At the still point, there the dance is.


“Have you joined some kind of cult?” This is a question I get asked a lot at home right now, as I yawn my way out of bed at dawn, shuffle into the spare room, and clamber sleepily onto my yoga mat.

Over the past three years, I have sold a large proportion of my jazzy sequinned club-wear to make room for all the leggings and sports bras. I go to bed early on a Friday night. I’ve got a Nutribullet. And more recently I have even made peace with the imagination-free zone that is “the ponytail”.

But this isn’t part of some green juice Instagram crusade, no deliberate journey to join the 100% Organic, nut-butter-fuelled social media armies out on the front line. Yoga has been an inward change, gradual and silent, but profound and lasting.

What started as a duty-filled, slightly resentful Sunday morning yoga class (because I was guiltily and painfully aware that dancing badly to house music is not a balanced form of exercise, and because the studio was on my road, and because hopefully it wasn’t going to be as sterile as going to a gym) has grown into a daily physical, mental, and spiritual way of living. It has fascinated and amazed me, that something I viewed as being just ‘a type of physical activity’ has such intense and far-reaching power. I have watched, at once involved protagonist and detached bystander, as the calm joyfulness this practice has brought me has slowly but steadily flowed into every single area of my life.

I do realise I am not the only one banging on about this right now. There are so many yoga studios in London that there is barely leftover space to set up an organic coffee shop. But such feverish popularity is fascinating, that an ancient Eastern devotional system, or practice, has become a multi-million-pound industry in the time-starved stress-ridden West.

Much of the time though, the articles I come across, the social media accounts I follow, seem to be yoga-doers speaking to other yoga-doers. They use language that would make anybody on the outside looking in, simply look away again and carry on scrolling. A photograph of a hyper-mobile twenty-something gymnast doing a handstand on the beach above a paragraph about trusting the power of friendship and the alignment of your chakras is not necessarily “yoga”. I promise.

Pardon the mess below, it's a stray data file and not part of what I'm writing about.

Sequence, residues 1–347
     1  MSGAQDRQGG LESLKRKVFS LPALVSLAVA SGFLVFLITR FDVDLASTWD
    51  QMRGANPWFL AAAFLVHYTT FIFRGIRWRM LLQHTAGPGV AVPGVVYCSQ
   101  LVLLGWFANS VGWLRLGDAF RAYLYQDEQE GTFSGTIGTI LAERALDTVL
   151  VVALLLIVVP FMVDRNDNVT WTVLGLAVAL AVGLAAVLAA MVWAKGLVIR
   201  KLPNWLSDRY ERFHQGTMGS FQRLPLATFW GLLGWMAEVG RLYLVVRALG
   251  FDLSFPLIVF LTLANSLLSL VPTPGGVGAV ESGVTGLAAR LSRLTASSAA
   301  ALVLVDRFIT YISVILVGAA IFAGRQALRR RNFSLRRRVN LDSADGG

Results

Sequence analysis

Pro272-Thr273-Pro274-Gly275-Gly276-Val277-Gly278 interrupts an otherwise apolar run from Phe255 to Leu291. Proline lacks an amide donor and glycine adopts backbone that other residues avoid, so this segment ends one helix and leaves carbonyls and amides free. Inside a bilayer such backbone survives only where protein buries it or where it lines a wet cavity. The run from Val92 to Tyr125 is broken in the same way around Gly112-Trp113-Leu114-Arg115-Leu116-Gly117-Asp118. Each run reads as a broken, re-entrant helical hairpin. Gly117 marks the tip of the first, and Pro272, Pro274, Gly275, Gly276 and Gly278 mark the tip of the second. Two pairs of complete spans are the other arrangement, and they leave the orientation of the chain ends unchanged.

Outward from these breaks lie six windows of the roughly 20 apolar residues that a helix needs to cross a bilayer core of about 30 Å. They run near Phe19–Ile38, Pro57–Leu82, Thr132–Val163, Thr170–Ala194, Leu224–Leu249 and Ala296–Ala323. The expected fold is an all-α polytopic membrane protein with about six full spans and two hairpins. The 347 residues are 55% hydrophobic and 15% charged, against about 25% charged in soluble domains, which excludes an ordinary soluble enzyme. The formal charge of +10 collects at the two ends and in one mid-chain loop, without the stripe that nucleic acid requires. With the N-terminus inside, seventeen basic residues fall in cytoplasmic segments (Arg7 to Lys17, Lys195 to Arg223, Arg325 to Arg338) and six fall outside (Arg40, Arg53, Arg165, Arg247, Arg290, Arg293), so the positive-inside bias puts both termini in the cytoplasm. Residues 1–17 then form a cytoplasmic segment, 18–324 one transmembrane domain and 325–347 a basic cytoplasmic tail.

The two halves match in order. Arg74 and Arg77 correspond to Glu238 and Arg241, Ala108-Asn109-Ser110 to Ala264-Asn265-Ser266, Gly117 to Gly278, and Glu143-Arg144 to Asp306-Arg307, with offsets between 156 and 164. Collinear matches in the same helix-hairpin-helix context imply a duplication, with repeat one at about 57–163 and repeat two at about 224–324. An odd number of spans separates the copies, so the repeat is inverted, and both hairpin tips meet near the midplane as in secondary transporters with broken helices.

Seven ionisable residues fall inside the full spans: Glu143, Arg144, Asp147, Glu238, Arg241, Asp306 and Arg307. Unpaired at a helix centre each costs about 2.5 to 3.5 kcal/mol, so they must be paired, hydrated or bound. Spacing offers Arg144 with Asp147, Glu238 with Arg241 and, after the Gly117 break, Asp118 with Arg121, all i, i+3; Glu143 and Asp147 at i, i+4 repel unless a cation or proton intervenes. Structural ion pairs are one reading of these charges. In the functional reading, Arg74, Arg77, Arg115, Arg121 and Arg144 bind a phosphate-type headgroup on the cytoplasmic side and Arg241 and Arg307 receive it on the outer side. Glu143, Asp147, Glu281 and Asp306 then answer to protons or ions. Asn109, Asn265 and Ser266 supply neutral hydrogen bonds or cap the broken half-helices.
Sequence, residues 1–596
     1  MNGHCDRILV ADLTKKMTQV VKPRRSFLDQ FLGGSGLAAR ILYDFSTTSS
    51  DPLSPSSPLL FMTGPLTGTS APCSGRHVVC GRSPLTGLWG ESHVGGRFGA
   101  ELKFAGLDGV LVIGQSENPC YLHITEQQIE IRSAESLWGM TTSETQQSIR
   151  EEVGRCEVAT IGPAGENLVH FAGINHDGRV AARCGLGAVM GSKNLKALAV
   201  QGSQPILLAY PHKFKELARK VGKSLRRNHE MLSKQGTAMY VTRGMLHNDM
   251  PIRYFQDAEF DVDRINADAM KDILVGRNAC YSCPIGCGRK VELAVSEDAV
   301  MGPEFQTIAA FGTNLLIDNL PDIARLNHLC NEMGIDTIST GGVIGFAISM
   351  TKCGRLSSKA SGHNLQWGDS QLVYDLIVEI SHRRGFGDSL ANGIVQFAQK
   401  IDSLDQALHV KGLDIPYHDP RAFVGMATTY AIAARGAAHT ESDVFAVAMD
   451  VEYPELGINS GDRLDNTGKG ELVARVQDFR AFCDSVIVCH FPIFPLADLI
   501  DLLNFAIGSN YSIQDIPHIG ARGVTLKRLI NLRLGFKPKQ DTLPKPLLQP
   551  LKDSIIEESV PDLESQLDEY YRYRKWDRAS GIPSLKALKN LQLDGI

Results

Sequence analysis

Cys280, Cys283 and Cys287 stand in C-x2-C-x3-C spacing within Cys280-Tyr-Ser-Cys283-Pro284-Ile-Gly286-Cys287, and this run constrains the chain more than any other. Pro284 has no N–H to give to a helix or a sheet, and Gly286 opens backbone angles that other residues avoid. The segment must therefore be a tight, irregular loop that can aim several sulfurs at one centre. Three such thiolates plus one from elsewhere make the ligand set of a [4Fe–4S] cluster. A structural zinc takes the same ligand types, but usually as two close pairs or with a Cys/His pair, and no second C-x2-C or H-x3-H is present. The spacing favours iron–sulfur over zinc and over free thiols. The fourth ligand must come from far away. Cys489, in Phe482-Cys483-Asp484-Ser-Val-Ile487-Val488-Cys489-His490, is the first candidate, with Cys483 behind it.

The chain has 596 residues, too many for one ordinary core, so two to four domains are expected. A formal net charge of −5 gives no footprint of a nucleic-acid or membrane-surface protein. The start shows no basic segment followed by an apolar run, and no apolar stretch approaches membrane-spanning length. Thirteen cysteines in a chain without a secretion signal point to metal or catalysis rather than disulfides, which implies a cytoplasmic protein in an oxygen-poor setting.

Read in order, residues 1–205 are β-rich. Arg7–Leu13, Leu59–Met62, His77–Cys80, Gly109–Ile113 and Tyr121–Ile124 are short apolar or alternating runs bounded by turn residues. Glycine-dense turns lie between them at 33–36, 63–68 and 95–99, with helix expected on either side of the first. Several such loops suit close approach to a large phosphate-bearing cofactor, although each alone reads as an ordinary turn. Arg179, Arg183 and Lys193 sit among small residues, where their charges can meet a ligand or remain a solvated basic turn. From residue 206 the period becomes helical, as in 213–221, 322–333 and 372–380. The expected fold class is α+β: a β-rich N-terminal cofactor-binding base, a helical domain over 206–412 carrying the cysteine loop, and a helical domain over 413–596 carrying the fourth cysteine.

So I thought I’d try and write about my own fresh new beginner’s experience, hopefully using plain and ordinary words. I wasn’t an Om-ing, meditating, Namaste-ing yogi when I first went to a class; I was a caffeine-fuelled, adrenaline-filled party seeker and borderline workaholic.

I’m not suggesting that yoga should iron out our loveable kinks. I am happy now; I was also happy three years ago, and I had a brilliant life. But there was a blank acceptance of stress, it was just ‘normal’ to be tired most of the time, and I could hear the constant low level hum of distraction , a sense of fragmentation, beneath everything I did. Yoga keeps me centred. Grounded. Whole.

Formless Silence, and the Passing of Time


The first few weekends that I managed to leave the flat at 9.30am, my mild hangover-free smugness would usually evaporate to be replaced by panic as soon as the class began. I called it ‘Hostage Syndrome’: I was locked in. For the next 90 minutes, I would have to relinquish control. I could see an hour and a half stretching out in front of me, stuck in one room, stuck with my own body, stuck doing poses I found difficult and tiring, discovering that there were so many things I couldn’t do, so many secret hidden places where I was physically weak and out of condition.

It so happened that I was incredibly lucky. The local studio where I first dipped my toe into yoga, is an incredible, nourishing oasis. Yoga on the Lane in Hackney, is run by the compassionate, kind, and lovely Naomi Annand. Naomi has managed to assemble a talented, knowledgeable, and nurturing group of teachers, and I have always felt pushed to learn and to discover, while never feeling pushed to injury.

Over those first few months of clumsy practice, I noticed something strange begin to happen. Time bent. The minutes shifted. The clock stopped ticking at the same regimented, relentless pace. I was being let go by something I hadn’t even realised was holding on to me. In those fluid, elastic hours, I was reminded of Dali’s melting clocks dripping from trees, of the shifting chemical states of liquid, ice, and gas. Of things we view as solid and hard-edged being anything but.